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June 21, 2004: The first privately funded spaceplane achieves spaceflight  

 

GregBO
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20/06/2020 2:18 pm  

SpaceShipOne completed the first crewed private spaceflight on June 21, 2004, the same year it won the US$10 million Ansari X Prize and was immediately retired from active service. Its mother ship was named "White Knight".  Both craft were developed and flown by Mojave Aerospace Ventures, which was a joint venture between Paul Allen and Scaled Composites, Burt Rutan's aviation company. Allen provided the funding of approximately US$25 million.

SpaceShipOne

SpaceShipOne is an experimental air-launched rocket-powered aircraft with sub-orbital spaceflight capability at speeds of up to 900 m/s (3,000 ft/s), using a hybrid rocket motor. The design features a unique "feathering" atmospheric reentry system where the rear half of the wing and the twin tail booms folds 70 degrees upward along a hinge running the length of the wing; increasing drag while remaining stable.

Launch of the rockets on SpaceShipOne

Rutan has indicated that ideas about the project began as early as 1994 and the full-time development cycle time to the 2004 accomplishments was about three years. The vehicle first achieved supersonic flight on December 17, 2003, which was also the one-hundredth anniversary of the Wright Brothers' historic first powered flight.

First flight of the Wright Flyer, December 17, 1903.

SpaceShipOne's first official spaceflight, known as flight 15P, was piloted by Mike Melvill. A few days before that flight, the Mojave Air and Space Port was the first commercial spaceport licensed in the United States. A few hours after that flight, Melvill became the first licensed U.S. commercial astronaut. The overall project name was "Tier One" which has evolved into Tier 1b with a goal of taking a successor ship's first passengers into space.

The achievements of SpaceShipOne are more comparable to the X-15 than orbiting spacecraft like the Space Shuttle. Accelerating a spacecraft to orbital speed requires more than 60 times as much energy as accelerating it to Mach 3. It would also require an elaborate heat shield to safely dissipate that energy during re-entry.

SpaceShipOne's official model designation is Scaled Composites Model 316.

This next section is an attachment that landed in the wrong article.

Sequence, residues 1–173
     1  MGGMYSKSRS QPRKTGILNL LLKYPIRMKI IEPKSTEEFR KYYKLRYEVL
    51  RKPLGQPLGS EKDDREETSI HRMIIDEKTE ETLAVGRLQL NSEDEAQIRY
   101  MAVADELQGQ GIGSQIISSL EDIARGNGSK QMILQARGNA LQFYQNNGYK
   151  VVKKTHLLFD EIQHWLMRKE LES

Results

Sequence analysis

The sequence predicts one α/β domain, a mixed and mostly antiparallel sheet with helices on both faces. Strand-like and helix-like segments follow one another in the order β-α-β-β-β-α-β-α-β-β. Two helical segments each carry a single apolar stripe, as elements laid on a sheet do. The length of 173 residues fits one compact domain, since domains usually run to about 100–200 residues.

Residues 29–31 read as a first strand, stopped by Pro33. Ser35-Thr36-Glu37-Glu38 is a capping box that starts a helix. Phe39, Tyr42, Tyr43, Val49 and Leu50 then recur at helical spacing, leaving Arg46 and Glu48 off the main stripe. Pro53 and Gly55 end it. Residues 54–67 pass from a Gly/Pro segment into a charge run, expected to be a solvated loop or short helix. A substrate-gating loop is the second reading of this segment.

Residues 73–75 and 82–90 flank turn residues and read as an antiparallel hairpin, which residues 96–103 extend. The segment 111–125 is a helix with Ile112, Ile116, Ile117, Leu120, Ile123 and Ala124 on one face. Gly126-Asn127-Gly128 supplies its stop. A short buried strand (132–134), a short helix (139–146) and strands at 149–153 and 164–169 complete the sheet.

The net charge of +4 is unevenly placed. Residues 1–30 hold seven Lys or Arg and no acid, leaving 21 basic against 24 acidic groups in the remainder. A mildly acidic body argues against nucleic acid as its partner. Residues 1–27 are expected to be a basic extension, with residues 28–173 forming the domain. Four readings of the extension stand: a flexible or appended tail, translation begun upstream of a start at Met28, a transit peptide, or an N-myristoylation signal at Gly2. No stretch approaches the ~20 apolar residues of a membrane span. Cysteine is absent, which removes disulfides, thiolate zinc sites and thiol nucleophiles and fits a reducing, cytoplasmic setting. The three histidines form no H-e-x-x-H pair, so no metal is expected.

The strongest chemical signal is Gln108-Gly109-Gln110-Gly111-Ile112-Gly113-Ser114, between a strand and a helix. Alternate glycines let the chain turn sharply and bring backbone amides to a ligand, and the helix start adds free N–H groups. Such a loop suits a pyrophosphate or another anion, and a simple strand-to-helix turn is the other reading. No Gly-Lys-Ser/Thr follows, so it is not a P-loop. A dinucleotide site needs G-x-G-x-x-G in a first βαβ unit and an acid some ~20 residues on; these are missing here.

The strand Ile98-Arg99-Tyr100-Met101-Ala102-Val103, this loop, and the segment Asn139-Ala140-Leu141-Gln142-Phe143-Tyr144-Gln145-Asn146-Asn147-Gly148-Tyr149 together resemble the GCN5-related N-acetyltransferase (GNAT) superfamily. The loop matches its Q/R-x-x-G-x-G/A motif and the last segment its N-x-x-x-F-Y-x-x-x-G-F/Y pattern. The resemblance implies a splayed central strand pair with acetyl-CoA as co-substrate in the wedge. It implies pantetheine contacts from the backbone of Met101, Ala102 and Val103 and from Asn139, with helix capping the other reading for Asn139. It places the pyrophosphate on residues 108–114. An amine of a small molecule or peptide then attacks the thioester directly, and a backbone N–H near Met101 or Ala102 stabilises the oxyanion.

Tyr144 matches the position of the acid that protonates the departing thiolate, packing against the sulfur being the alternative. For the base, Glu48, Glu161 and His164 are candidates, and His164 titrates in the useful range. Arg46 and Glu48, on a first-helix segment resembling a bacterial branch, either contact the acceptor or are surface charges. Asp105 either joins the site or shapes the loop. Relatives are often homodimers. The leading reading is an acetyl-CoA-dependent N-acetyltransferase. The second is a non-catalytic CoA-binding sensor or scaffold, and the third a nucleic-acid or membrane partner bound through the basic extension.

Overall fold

The Scaled Composites model 316 is a spaceplane designed to:

  • Carry three humans (one of them a pilot) in a sea-level pressurized cabin.
  • Be propelled by rocket from an altitude of 15 km (9.3 mi) to in excess of 100 km (62 mi).
  • Reenter atmosphere and shed kinetic energy in an aerodynamically stable configuration.
  • Glide transonically and subsonically.
  • Land horizontally on a standard runway.

 

​"What we have done for ourselves alone dies with us; what we have done for others and the world remains and is immortal." -Albert Pike

​"​My father didn't tell me how to live; he lived, and let me watch him do it.​" - Clarence Buddinton Kelland


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GregBO
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20/06/2020 2:58 pm  

Tier One's launch aircraft, Scaled Composites model 318, known as White Knight, is designed to take off and land horizontally and attain an altitude of about 15 km (9.3 mi), all while carrying the Tier One spacecraft in a parasite aircraft configuration. Its propulsion is by twin turbojets: afterburning J-85-GE-5 engines, rated at 15.6 kN (3,500 lbf) of thrust each.

White Knight One launch aircraft

It has the same cabin, avionics, and trim system as SpaceShipOne. This means it can flight-qualify almost all components of SpaceShipOne. It also has a high thrust-to-weight ratio and large speed brakes. These features combined allow it to be used as a high-fidelity moving platform flight simulator for SpaceShipOne. White Knight is also equipped with a trim system which (when activated) causes it to have the same glide profile as SpaceShipOne; this allows the pilots to practice for landing SpaceShipOne. The same pilots fly White Knight as fly SpaceShipOne.

White Knight carries SpaceShipOne to mission 16P

The aircraft's distinctive shape features long, thin wings, in a flattened "W" shape, with a wingspan of 25 m (82 ft), dual tailplanes, and four wheels (front and rear at each side). The rear wheels retract, but the front ones, which are steerable, are permanently deployed, with small fairings, referred to as "spats", in front. Another way to look at the overall shape is as two conventional planes, with very thin fuselages, side-by-side and joined together at their wingtips, with the cockpit and engines mounted at the point of joining.

Although White Knight was developed for certain roles in the Tier One program, it is a very capable aircraft in its own right. Scaled Composites describe it as a "high-altitude research aircraft".

 

​"What we have done for ourselves alone dies with us; what we have done for others and the world remains and is immortal." -Albert Pike

​"​My father didn't tell me how to live; he lived, and let me watch him do it.​" - Clarence Buddinton Kelland


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Untamed
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Joined: 2 years ago
Posts: 567
22/06/2020 2:42 pm  

Cool thread, GregBO 👍 

Is this craft part of NASA's Commercial Program, like SpaceX's Crew Dragon or are they still in the development stages ? 

Can this craft reach the ISS or is it just an experimental craft for research purposes ?

At any rate, it is a very cool-looking space plane!

Don't let them blame, shame or tame you!


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